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I’m sorry to disappoint you.  There will be no visuals.

It seems that the photography as an art form is in the middle of a deep stagnation.  A crisis of sorts, because unlike sculpture, or the finesse of applying oil or pastels to canvas, the art of photography has become uncontrollably fast, inexpensive, and a disposable after thought.  It seems that all it takes anymore, is one magical box.  A cheap one, or an expensive one.  It doesn’t matter, as long as it comes with that shutter thingy, and a few free Photoshop pre-sets.  Congratulations, you’re on your way to becoming a fine arts photographer.

I am melancholy, because photography today lacks tenacity.  It’s sad, because as an artistic community, we don’t create enough purposeful and meaningful art.  We often fail to share it, or maybe we don’t and it just gets lost somewhere; somewhere deep inside the noise and static.  In either case, there isn’t enough beauty in our world.  Not enough that breaks through to make an impact, anyhow.

Analog is out. 

Digital is in.

I don’t think many of us appreciate how relatively young the art of photography truly is.  It is somewhat strange therefor to reflect and realize that we are only a century or so removed from the first camera, the first print, the first act of beauty in a 35mm canvas of space.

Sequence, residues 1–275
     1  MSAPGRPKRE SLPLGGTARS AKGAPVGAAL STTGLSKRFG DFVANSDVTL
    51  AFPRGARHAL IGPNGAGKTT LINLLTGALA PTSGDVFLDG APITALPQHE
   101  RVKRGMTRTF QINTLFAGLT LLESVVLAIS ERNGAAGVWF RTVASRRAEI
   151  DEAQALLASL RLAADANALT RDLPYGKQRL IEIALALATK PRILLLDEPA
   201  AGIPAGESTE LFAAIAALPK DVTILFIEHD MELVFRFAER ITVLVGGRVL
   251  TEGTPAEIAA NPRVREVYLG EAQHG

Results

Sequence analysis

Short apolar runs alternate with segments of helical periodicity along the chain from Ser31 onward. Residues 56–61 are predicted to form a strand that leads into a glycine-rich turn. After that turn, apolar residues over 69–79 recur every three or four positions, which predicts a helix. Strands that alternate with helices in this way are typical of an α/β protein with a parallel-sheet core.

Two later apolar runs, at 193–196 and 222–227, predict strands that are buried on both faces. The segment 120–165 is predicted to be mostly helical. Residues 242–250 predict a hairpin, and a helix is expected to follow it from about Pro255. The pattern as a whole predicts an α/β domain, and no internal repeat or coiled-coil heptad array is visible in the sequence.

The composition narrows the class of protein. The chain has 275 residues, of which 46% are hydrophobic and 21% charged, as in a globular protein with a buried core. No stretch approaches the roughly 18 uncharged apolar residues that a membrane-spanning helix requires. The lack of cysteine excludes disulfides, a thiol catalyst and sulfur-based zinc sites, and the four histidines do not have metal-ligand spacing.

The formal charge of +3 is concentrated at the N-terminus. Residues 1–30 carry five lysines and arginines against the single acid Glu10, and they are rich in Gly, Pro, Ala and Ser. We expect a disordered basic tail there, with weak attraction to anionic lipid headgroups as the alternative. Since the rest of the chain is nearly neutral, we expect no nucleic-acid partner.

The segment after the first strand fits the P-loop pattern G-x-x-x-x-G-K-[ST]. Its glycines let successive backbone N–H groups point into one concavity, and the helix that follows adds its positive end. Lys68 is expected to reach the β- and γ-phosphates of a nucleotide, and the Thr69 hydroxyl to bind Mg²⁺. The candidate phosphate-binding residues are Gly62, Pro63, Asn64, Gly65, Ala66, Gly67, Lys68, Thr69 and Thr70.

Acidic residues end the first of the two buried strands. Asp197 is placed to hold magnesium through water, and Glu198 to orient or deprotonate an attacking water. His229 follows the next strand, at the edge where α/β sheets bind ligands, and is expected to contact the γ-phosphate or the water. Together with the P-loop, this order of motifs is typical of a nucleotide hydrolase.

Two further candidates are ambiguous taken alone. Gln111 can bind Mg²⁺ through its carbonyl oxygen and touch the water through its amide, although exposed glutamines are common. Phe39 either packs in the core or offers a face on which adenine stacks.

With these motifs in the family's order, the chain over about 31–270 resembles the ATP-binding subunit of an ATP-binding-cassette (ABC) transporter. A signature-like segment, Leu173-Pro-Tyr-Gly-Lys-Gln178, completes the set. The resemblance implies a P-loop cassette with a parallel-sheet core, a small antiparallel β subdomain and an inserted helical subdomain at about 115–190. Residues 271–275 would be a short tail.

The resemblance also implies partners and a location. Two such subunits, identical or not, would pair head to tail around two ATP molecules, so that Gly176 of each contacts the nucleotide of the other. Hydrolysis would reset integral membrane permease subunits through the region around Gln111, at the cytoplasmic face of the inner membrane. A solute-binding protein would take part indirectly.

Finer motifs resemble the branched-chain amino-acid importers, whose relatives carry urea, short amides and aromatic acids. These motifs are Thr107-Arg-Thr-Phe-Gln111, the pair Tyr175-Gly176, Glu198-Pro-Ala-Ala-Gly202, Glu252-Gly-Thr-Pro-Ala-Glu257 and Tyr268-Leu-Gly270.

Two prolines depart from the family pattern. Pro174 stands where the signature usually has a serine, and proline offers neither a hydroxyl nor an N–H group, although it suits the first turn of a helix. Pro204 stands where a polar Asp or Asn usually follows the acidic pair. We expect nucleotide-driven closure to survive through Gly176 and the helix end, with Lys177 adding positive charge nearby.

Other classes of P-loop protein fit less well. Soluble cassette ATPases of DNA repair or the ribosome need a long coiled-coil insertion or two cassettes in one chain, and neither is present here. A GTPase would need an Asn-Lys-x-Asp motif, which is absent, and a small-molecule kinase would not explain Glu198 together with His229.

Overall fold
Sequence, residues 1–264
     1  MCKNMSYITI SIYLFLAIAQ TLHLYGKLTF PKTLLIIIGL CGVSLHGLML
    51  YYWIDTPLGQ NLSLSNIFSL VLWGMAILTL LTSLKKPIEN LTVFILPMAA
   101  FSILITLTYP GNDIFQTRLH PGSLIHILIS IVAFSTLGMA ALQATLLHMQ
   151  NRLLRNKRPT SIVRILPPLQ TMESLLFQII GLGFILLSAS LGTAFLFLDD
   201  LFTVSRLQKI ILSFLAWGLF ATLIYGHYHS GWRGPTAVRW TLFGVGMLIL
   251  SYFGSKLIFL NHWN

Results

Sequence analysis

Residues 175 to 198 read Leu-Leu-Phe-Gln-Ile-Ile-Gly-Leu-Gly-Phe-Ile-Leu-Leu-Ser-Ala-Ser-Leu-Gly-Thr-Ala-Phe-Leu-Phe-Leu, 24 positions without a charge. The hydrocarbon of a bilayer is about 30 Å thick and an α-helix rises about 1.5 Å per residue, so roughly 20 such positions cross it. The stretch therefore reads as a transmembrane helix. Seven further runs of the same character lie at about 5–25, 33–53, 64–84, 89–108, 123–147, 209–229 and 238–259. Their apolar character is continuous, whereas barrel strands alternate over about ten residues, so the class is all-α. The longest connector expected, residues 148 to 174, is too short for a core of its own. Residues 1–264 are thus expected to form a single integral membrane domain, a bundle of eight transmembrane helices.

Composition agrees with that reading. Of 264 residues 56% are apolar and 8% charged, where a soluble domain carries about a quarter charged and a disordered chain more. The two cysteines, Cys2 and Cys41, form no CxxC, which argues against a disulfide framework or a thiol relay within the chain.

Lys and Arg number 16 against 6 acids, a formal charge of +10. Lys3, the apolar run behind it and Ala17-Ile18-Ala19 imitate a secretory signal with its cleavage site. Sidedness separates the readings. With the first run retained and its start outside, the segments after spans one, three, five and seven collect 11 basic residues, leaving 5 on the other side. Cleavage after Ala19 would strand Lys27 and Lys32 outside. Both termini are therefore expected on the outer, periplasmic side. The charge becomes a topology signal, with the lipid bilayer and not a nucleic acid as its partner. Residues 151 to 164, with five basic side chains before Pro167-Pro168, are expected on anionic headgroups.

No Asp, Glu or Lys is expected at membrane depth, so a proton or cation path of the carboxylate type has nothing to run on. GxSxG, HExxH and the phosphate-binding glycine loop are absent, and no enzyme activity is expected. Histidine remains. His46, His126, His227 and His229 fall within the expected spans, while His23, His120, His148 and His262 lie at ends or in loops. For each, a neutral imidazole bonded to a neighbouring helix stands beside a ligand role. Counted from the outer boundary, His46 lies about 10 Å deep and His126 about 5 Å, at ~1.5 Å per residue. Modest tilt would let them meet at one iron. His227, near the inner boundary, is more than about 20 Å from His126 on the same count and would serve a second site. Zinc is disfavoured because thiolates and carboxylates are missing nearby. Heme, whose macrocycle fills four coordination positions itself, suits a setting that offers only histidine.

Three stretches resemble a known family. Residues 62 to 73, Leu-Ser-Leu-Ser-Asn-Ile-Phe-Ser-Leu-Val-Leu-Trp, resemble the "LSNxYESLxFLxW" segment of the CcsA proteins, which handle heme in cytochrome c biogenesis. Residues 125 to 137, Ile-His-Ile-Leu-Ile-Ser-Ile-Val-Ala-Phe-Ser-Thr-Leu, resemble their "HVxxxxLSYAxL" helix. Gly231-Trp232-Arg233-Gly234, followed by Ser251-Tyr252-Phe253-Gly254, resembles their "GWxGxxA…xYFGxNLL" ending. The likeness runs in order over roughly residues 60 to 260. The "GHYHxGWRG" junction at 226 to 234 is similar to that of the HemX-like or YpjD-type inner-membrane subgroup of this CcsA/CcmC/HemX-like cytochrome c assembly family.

At the beginning, in its infancy, photography was a beautifully rare gift.  It was rare because it took special effort to become its master.  Millions of people were enamoured with this new medium and open to the possibilities it promised.  One of its many expressions were the cabinet cards. 

There are not many around anymore, or perhaps they are getting musty in a box somewhere. 

The cabinet cards were special.  They contained a 4×6 photograph, that was hand glued, and beautifully illustrated.  They were proudly displayed in every cabinet that could hold them.  They were the center of conversation and an oracle of people’s memories.  They were marveled at by visitors and strangers alike.  They connected us.  They enthralled us.  They were a work of art.

At the turn of this century, we diverged on a different path.  We have already taken an incalculable number of photographs and it’s not surprising since every living human has their own camera in thier pocket.  Some of the ravenous gluttons among us even have two.

We are overwhelmed.  We don’t know what to do with ourselves or how to stop.  We take pictures of everything and anything but for what purpose? 

Storage. 

We keep everything in some sort of virtually mobile and un-inventoried heap of crapulous storage.  We’ll find a purpose later, we tell ourselves, and if not, our grandchildren will know what to do with our bathroom selfie, or long forgotten steak sandwich.